Chateau Haut Brion 2005
1 or more bottles$2,100.00
Robert Parker98 points
Wine Spectator100 points
100 points from Wine Spectator. "This is incredible on the nose, showing coffee cake, blackberry, floral, coffee bean and vanilla bean, with Chinese spices. A very complex, full-bodied red, with seamless, hyperpolished tannins that caress every millimeter of the palate. Lasts for minutes. So beautifully balanced, I'm left speechless. Best after 2017."
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- Blue Fruits
- Red Meat
Critic Scores & reviews
""Another profound effort from Haut-Brion, the 2005 (a 9,000-case blend of 56% Cabernet Sauvignon, 39% Merlot, and the rest Cabernet Franc) has bulked up to the point that it is fair to compare it to the great successes of 1989, 1990, 1995, 1996, 1998, and 2000. A dark ruby/purple color is followed by a nuanced, noble bouquet of blue and red fruits interwoven with wet stones, unsmoked cigar tobacco, scorched earth, and spring flowers. The wine is full-bodied, pure, and complex as well as exceptionally elegant with laser-like precision. The tannins are still serious and substantial, and in that sense, this is a completely different style of Haut-Brion than the opulent, silky-textured 1989 and 1990. As I have written before, it comes across as an improved, more concentrated and structured version of the 1995 or 1998. Patience will be required for this stunner. Anticipated maturity: 2017-2040+. 98 Points" - Robert Parker"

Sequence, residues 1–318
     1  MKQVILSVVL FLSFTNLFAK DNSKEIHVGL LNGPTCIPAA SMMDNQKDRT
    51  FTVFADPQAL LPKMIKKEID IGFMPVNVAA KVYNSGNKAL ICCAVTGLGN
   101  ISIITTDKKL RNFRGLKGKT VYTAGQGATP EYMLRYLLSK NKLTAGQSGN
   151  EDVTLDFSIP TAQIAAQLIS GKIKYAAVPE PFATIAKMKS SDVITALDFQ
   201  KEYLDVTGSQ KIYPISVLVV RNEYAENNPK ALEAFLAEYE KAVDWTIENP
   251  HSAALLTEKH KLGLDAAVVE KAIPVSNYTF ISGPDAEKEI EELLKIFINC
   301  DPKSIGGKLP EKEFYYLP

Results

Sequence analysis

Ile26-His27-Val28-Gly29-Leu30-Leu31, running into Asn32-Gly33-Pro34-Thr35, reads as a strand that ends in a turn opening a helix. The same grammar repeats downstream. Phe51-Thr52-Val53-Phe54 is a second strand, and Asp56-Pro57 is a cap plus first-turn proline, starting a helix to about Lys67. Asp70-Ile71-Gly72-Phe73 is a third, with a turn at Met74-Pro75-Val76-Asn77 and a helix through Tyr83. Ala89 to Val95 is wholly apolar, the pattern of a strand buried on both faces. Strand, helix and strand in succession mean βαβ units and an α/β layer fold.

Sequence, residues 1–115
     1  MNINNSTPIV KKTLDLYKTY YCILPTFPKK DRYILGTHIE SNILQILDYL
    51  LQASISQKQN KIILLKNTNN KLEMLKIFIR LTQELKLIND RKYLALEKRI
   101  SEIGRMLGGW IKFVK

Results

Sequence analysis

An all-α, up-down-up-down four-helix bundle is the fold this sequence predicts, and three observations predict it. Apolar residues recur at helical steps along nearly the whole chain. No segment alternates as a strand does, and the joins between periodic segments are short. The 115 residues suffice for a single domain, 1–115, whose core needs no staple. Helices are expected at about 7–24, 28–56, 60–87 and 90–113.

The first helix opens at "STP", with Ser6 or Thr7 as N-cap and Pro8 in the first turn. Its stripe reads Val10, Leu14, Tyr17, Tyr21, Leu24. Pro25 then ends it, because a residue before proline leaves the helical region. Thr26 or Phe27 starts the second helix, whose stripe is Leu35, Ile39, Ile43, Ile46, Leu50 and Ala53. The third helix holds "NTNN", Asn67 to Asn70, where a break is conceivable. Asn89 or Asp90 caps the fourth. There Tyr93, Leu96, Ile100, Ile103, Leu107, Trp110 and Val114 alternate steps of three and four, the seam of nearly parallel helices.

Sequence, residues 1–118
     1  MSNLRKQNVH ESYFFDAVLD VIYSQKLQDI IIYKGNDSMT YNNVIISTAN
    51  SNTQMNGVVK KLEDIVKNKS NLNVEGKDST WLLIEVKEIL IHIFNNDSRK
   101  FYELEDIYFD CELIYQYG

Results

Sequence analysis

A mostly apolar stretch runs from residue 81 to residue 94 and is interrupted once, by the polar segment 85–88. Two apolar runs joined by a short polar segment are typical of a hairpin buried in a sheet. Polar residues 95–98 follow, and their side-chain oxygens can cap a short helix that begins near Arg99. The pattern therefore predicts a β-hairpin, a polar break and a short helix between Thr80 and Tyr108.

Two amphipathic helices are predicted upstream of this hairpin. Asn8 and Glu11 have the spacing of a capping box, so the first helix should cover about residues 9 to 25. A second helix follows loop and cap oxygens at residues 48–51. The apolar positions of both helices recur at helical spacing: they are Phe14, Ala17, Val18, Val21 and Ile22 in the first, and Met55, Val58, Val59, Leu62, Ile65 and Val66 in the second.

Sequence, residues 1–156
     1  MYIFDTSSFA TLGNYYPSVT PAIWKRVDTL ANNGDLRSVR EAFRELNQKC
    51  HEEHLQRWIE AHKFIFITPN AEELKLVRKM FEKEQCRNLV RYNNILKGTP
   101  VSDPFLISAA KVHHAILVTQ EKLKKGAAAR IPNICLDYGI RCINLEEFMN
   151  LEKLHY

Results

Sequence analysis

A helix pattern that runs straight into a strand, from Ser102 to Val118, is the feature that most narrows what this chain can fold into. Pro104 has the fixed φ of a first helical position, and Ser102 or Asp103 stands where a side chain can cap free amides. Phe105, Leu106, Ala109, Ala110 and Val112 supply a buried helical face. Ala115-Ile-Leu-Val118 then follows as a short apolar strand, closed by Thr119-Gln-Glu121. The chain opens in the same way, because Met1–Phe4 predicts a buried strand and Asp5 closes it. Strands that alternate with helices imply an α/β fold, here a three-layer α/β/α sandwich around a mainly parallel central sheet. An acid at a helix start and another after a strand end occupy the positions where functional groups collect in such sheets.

"So beautifully balanced, I'm left speechless."
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Wine is being produced throughout France and has been done for over 2,500 years with certain Châteaux dating their history back to Roman times, around 6th Century BC. Ranking second in the world in per-capita consumption and first in total production quantity. More so than the overall quantity of wine is the quantity of truly great wines coming out of France makes the nation the envy of wine-making nations worldwide.
Two concepts pivotal to the higher end French wines, in particular, are the idea of 'terroir' and the Appellation d'Origine Contrôlée (AOC) system. Terroir refers to the way the geography, geology and climate find their way into the glass, telling a story of the origin of the wine. The AOC was set up in 1935 and has the primary goal of protecting the authenticity of the wines and the livelihoods of the producers. Appellation rules strictly define which varieties of grapes and winemaking practices are approved for classification in each of France's several hundred geographically defined appellations, which can cover entire regions, individual villages or in some cases, like in Burgundy even specific vineyards.
Classic wine regions in France include Champagne (home of Champagne), Burgundy (Pinot Noir and Chardonnay), Bordeaux (Cabernet Sauvignon, Merlot, Malbec, Petit Verdot), Alsace (Aromatic varietals), Loire Valley (Chenin Blanc, Crémant) and the Rhône Valley (Syrah, Grenache Mourvedre)
The Bordeaux classification of 1855 is still in use, as is the Sauternes and Barsac Classification of the same year. Wines from certain regions can be bought En Primeur, which is when the wine is sold prior to it being bottled.